A cursory review of the physical structure and approaches to the Kanmon Railway Tunnel makes the idea that Javaman could actually pull off the closure of the tunnels highly doubtful. The problem is that both approaches to it were long — the northern one required going past fortified islands and the Southern approach had the Kyushu coast as the left flank for several hundred miles. You were not going to get APD’s close enough past Kamikazes and an 85 ft boat was too hefty to move more than one at a time on a US Fleet Boat. This is why the US Navy called the Javaman operation off after the battle experience at Okinawa with Kamikazes.

    This Javaman project kept the Kanmon Railway Tunnel off the US Navy carrier, 20th Air Force and FEAF target lists until June 1945.

    After the Javaman program was cancelled, the Kanmon tunnel was
    assigned to the 20th Air Force B-29 bombers, which firebombed both Moji and Shimonoseki, which were either end of the electric railway tunnels.

    Firebombing was ineffective in destroying the rail lines, tunnel
    entrances or the electrical power plant supplying the tunnel electric
    engines.

    After August 7, 1945, the Kanmon Railway tunnel was reassigned to the FEAF, (This targeting change is in both the 6th Army 28 July 1945 dated Field Order 74 and 5th Amphibious Force order COMPHIBSPAC A11-45 dated 6 August 1945) which made one attempt to bomb the tunnel that was thwarted by bad weather.

    The US Strategic Bombing Survey cut off all information on Japanese railway transportation statistics past 30 June 1945, so those fact was not visible in a narrative form I just related.

    This is what one of the most researched USSBS reports said in two very small and disconnected foot notes on the subject –

    THE UNITED STATES STRATEGIC BOMBING SURVEY
    The Effects OF Strategic Bombing ON JAPAN’S War Economy
    Appendix A,B,C
    OVER-ALL ECONOMIC EFFECTS DIVISION
    December 1946

    Page 39

    “* One mission scheduled against the Kammon Tunnel entrance was frustrated by foul weather and this particular target was later specifically assigned to other forces. There remained, however, at least four vital rail yards in the area, Moji. Shimonoseki, Ilatabu, and Tobata, as well as bridges and yards on the Sanyo-, Kagoshima, and Chikuho lines which were essential to the movement of Kyushu and Ube district coal.”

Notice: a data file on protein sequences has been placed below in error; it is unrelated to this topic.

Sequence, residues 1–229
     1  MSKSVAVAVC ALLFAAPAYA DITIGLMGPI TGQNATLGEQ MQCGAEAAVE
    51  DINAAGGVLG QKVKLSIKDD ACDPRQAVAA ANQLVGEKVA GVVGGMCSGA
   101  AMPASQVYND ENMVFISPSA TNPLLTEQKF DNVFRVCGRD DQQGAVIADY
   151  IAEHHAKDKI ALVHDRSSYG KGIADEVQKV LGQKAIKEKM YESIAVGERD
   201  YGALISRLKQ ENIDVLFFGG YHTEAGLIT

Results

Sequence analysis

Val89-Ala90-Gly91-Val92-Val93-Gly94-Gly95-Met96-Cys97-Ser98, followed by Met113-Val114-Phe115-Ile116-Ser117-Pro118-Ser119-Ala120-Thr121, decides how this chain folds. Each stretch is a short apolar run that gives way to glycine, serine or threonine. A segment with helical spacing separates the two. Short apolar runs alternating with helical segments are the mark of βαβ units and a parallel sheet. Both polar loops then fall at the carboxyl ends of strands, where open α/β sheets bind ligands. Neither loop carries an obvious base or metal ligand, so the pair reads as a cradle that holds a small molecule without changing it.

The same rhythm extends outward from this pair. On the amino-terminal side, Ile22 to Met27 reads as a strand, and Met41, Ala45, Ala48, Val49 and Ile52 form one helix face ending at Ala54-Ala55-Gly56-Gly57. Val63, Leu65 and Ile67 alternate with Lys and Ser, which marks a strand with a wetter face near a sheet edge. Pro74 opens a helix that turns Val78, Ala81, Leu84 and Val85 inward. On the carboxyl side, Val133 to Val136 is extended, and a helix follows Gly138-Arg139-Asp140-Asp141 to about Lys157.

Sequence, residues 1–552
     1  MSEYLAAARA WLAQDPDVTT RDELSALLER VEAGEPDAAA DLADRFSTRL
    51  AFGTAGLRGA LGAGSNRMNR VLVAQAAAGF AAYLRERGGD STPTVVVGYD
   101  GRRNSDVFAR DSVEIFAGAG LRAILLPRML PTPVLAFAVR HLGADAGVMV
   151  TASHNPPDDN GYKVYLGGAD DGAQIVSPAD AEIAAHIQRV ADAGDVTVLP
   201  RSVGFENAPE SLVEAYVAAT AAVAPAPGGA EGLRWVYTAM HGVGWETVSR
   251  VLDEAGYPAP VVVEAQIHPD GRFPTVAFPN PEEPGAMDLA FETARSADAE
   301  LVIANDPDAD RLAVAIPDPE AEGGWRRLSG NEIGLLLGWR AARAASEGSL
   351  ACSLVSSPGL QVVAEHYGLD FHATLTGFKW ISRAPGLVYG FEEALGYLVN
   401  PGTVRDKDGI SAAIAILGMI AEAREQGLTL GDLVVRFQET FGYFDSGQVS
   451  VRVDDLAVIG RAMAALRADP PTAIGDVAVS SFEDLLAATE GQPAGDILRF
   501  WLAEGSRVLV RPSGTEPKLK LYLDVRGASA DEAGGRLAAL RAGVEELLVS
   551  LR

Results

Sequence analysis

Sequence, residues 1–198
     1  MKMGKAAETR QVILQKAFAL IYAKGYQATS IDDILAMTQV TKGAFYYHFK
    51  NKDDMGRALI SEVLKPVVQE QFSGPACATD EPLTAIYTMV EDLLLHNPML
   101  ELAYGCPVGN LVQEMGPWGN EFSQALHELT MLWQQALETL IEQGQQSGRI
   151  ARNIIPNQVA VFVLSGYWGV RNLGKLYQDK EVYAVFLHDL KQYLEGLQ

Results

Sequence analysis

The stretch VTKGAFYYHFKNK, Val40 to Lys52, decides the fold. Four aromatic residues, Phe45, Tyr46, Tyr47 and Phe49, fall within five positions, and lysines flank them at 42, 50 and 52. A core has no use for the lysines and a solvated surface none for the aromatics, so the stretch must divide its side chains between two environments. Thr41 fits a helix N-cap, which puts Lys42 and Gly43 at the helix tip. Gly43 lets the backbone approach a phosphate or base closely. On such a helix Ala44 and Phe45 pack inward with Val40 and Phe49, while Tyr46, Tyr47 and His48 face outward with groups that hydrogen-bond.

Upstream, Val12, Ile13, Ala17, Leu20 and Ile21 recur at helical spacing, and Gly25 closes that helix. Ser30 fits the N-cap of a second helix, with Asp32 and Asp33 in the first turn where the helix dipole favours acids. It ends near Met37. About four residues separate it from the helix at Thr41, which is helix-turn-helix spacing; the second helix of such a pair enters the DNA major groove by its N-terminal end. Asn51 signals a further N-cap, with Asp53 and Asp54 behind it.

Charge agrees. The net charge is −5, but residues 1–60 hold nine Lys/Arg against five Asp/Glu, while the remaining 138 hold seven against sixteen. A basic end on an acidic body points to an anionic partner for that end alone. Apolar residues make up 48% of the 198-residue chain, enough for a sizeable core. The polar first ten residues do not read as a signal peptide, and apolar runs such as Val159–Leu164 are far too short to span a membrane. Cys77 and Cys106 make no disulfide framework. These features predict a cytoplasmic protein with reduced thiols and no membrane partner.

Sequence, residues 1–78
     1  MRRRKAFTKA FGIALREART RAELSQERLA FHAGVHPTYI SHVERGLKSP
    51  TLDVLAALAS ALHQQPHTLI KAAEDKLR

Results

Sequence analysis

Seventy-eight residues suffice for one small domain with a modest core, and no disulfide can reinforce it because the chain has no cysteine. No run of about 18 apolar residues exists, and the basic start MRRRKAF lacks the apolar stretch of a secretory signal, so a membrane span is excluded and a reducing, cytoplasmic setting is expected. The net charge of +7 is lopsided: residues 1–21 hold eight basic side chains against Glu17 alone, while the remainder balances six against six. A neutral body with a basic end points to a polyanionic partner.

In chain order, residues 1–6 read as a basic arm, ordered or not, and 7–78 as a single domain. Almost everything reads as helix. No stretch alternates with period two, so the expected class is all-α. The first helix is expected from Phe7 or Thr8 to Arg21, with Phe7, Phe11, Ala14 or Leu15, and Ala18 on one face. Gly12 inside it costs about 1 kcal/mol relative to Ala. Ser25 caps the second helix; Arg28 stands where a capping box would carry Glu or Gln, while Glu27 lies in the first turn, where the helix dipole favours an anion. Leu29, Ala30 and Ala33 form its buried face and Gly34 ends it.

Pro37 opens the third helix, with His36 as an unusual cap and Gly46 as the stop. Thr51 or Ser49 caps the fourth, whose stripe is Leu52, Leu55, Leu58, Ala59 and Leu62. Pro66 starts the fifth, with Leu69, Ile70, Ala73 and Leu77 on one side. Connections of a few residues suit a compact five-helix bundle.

and

    Page 62

    “‘ Even if it had proved impossible to do serious damage to the Kammon tunnel which had been designated as a target for special weapons. Responsibility for its destruction had been shifted to the B-29′s.”

    Point in fact, the transportation campaign the Japanese War USSBS reports harp on were almost completely unnecessary.
    The Imperial Japanese Army had pushed so many train engines and rolling stock through the Kanmon tunnel to Kyushu that the overall Japanese railway system was operating at 30% capacity at surrender.

    The majority of the equipment for those 600,000 extra troops was still on rail cars in tunnels, burnt out factory area sidings in Northern
    Kyushu or in caves adjacent to rail heads at war’s end.

    When the the USMC V Corps occupied Kyushu and Western Honshu, it could not move into western Honshu ports because of the 20th Air Force laid pressure fused sea mines. It used Kyushu rolling stock to go through the Kanmon Tunnel into Honshu.

    Had the Atom Bomb failed to obtain a surrender from the Japanese Emperor, it is doubtful the USAAF would have gotten the independence it sought. The very independent command set up General Hap Arnold created would have been blamed by MacArthur for the Japanese build up on Kyushu after the invasion.

  8. One aspect that was unique to the Pacific strategic bombing was the targeting. As the article states Lemay changed the targets from ”pinpoint” (for that day and technology) to area firebombing with minimal attempt at justification under the concept of military-industrial web. Spaatz resisted strongly all attempts to change the bombing techniques of the Eighth and Fifteenth Air Forces in Europe to area targeting. One could possibly argue that there was a tinge of racism involved, not to mention a thirst for revenge against the Japanese.

    I do agree that the other nations involved in the Pacific war were shoved to the side as the American air forces grew in strength. Funny how tightly integrated the air coalition was in the early days, when any airplane that flew was a valuable asset, compared to the last year of the war.

  9. My understanding is that the final B-29 wing (or Air Division, not sure) deployed to the Marianas before the end of the war was equipped with the latest production model, which featured an advanced ground-mapping radar bombing system. These aircraft, after arriving in-theater in late June, carried out about 15 precision bombing missions against Japan’s petroleum infrastructure, pretty much destroying it — although by mid-1945 that infrastructure was operating at a very low capacity and this effort had no impact on the outcome of the war. .

  10. Jay – I agree that racism may have played a part in the decision-making process. One only has to read John Dower’s ‘War without Mercy’ to see that race played an important part. However, how much is hard to ascribe to decision-making processes. I suspect there is a degree of realism in LeMay’s thinking and recognition that pinpoint targeting was not working. This was recognized as much in Europe and is part of the reason why ‘marshaling yards’ became targets of choice. Eaker, Doolittle and Spaatz were quite aware of the problems of adhering to industrial-web theory. Indeed, Spaatz, once appointed to the strategic air forces in the pacific claimed that he would publically continue to adhere to precision bombing despite what LeMay was doing.